5-8 Banana Bread or Wonderous Whiteman Food

We eat a lot of bananas. Most food here is seasonal and we have no imports, so during pineapple season we get almost one a day but since mid-January, I’ve seen exactly one pineapple. Bananas are not seasonal. Bananas grow all the time. There are always bananas.

I never knew that bananas came in so many forms, but it turns out they do. I’ve never disliked bananas. I’ve never be overwhelmingly fond of them either. They were useful to toss in a smoothie or if the smoothie didn’t happen for a few days, they made good bread. I think I will go on an anti-banana diet for a few years when I get home, just to try to balance out the amount of bananas in my life.

To deal with this quantity of bananas, I have been forced to become creative in my approach to cooking. It turns out that slightly green bananas make a good curry and the really green bananas are more like a potato than you would think possible. This includes the possibility of being boiled and mashed with garlic.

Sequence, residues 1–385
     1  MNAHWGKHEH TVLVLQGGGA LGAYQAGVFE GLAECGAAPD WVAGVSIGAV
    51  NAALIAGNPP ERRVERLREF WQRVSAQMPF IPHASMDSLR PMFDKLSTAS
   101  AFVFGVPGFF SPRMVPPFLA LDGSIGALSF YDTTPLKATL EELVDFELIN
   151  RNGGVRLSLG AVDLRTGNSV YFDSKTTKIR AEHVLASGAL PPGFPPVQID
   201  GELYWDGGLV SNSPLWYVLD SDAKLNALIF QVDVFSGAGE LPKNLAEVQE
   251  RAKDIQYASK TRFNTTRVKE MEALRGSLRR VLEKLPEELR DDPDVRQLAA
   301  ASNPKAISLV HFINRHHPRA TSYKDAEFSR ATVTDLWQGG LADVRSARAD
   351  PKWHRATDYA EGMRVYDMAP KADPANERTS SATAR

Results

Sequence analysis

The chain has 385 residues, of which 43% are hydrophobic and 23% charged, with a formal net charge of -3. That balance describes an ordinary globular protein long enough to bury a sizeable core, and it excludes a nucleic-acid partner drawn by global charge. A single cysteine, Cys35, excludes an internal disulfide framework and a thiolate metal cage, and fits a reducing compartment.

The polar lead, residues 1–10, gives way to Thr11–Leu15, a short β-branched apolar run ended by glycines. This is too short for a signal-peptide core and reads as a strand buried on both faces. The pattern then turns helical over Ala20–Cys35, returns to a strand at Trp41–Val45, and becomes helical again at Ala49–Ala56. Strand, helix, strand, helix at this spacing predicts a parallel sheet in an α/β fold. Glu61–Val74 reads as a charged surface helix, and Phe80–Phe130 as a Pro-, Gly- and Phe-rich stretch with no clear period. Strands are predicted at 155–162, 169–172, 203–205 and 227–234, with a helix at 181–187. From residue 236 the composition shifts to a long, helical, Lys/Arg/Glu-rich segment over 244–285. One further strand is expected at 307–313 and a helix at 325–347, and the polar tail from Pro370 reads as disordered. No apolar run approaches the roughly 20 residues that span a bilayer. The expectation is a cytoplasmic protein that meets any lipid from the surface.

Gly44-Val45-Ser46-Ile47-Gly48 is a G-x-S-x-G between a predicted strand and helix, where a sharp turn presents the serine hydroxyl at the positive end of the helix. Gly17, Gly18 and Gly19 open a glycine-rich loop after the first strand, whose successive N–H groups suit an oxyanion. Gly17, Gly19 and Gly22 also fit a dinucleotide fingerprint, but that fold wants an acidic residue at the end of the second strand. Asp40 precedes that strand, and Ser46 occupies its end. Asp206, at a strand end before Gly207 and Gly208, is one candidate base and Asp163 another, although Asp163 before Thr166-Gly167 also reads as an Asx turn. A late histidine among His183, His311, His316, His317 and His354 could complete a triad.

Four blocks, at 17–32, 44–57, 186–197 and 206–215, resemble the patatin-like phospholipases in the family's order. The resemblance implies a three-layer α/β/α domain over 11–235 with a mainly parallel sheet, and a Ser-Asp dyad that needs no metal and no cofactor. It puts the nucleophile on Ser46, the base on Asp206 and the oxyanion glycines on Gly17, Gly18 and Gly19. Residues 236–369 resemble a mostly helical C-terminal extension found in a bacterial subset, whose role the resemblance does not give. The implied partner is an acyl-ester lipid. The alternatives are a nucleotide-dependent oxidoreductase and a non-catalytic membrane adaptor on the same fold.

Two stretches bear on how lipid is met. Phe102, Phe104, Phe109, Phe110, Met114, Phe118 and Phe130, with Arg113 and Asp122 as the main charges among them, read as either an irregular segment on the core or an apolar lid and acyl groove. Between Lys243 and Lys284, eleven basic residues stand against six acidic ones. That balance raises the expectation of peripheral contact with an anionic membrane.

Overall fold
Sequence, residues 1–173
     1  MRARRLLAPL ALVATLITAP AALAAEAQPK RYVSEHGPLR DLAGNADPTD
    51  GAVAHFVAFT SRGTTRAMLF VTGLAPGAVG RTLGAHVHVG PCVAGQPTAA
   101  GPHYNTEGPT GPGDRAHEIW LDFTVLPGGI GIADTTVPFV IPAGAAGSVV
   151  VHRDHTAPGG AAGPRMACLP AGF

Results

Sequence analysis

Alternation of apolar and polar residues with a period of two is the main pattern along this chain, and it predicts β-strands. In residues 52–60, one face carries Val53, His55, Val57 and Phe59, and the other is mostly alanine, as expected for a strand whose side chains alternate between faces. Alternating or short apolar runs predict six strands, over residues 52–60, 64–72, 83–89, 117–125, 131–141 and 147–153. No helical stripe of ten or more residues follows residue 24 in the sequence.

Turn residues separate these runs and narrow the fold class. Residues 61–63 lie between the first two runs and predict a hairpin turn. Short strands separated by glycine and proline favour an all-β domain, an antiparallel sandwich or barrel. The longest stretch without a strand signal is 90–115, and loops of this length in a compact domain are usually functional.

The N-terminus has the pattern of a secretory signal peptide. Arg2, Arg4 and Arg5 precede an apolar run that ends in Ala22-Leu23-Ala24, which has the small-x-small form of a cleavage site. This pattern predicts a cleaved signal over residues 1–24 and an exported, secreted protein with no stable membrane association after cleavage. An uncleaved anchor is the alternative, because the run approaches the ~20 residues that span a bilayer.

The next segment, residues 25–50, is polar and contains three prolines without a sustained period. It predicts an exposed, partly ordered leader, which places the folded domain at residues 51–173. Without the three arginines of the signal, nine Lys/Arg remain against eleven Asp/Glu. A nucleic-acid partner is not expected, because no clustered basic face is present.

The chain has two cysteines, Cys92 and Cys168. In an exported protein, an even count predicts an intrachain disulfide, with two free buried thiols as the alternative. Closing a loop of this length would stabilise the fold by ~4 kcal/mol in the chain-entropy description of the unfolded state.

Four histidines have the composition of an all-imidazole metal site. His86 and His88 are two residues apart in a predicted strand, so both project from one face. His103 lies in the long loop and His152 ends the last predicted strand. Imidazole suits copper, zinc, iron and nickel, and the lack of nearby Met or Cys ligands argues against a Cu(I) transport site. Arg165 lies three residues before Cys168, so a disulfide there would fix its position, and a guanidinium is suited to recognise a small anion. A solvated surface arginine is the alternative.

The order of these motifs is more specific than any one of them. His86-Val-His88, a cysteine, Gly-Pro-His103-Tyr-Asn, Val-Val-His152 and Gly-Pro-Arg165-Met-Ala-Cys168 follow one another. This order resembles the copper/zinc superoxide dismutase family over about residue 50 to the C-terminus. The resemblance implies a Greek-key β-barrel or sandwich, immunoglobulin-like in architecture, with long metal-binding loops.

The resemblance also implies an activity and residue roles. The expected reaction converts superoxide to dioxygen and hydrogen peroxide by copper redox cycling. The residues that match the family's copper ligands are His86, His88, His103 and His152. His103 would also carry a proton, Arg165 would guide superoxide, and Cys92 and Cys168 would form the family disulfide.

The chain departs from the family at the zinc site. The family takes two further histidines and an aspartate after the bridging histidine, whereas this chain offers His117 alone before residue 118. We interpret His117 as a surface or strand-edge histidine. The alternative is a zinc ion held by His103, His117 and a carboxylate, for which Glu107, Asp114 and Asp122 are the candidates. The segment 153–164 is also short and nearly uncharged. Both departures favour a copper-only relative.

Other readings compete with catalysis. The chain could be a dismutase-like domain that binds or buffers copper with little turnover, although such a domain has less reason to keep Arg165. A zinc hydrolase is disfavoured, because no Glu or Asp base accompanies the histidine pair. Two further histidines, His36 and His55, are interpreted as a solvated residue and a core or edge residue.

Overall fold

I’ve started making banana bread. I make a lot of banana bread. I make banana bread probably four times a week. We have that many bananas.

The current recipe is: a pile of self-rising flour, a dash of cinnamon, a smaller pile of sugar, two to five ripe bananas depending on size, and the milk of one coconut. If the bananas aren’t really ripe, they are just kind of ripe, it works best to scratch them with a fork to make mush. The squeezing method just isn’t as effective on the barely ripe ones. I get a good fire going, usually same one I cooked my dinner of banana curry on, and stack on a few stones. When the fire is starting to die out and the stones are good and hot, I dig a hole in the embers and nestle the pot into it. Then I cover it up with hot stones and coconut husks. The bread turns out the best if I stoke the fire a few times during baking. That lesson has been slow to learn, but I’m catching on now.

Today, I made three loaves of banana bread. It takes about an hour to bake each one and probably half an hour of prep time. I made them to sell to the community as a fundraiser for the Aid Post. This afternoon, my papa stopped by to see how the baking was going. I cut the loaf into eight pieces. He ate five of them. I think I may have found a good money maker for the Aid Post. I might not tell anyone how to make it until the Aid Post has made all the money it needs.

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